BEDFORD, N.Y. – Amanda Greene was one of nearly 100 parents to attend the first in a series of forums on digital citizenship and how to keep your kids safe online at the Bedford Central School District.
Greene and her friend Jennifer Maldonado both live in Mount Kisco and have children at Fox Lane Middle School. They spoke to Social Media Expert Josh Gunderson Tuesday after his presentation, Smart Parents, Safe Kids, which outlined some basic steps parents can take when talking to their children about online safety.
Greene said she constantly reminds her daughter that there are consequences to what you do and say online, and lets her use only Instagram.
Maldonado, also of Mount Kisco, stopped her daughter from downloading the Snap Chat app for her phone, saying she worries as a parent about the one picture your child texts or posts online that could go viral.
“Once you hit that enter button on any piece of technology it’s out there forever,” Gunderson said.
The media specialist said parents should ask their kids weekly what social media sites they’re using, and create their own accounts and follow their kids. Gina Picinich of Mount Kisco said she logs directly into her daughter’s Instagram account every few days.
Before posting pictures or status updates to social media, Gunderson said kids should ask themselves five important questions:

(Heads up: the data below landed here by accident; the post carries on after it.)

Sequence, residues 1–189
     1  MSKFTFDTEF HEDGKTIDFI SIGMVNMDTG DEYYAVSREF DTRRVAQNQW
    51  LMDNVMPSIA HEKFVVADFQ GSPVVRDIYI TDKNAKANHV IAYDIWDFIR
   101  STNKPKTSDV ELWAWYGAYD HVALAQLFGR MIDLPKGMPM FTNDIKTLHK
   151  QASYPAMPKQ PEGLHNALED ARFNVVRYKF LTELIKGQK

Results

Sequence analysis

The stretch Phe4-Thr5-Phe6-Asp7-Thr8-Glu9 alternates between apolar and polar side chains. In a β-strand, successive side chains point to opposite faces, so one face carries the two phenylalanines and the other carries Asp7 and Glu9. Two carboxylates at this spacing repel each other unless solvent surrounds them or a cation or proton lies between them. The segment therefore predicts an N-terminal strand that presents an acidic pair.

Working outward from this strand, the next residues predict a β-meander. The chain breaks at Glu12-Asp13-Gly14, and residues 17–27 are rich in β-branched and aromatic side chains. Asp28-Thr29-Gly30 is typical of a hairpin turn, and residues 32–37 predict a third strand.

- Why am I posting this?
- Can it wait until I see my friends?
- Is it too personal?
- If the post is at someone’s expense, is that how I would want to be treated?
- Who is going to see this?
After Gunderson’s presentation, parents broke into groups to share their own experiences and talk about topics like cyber bullying and your online footprint.
Tom Micucci, of Bedford, said he thinks the forum is a great opportunity for parents to partner with the district and get a better understanding of what the trends are. He said he thought he was “hip to what’s out there,” but that he hadn’t heard of some of the apps Gunderson talked about. Two in particular, Yik-Yak and Ask.fm, allow you to interact anonymously, which Gunderson said is “the worst idea in the world.”
“Kids who think they’re anonymous think they’re all powerful, and they’re not,” he said, adding that cyber bullies like anonymity.
Gunderson said he was happy with the turnout “because it shows that you want to be more involved.”
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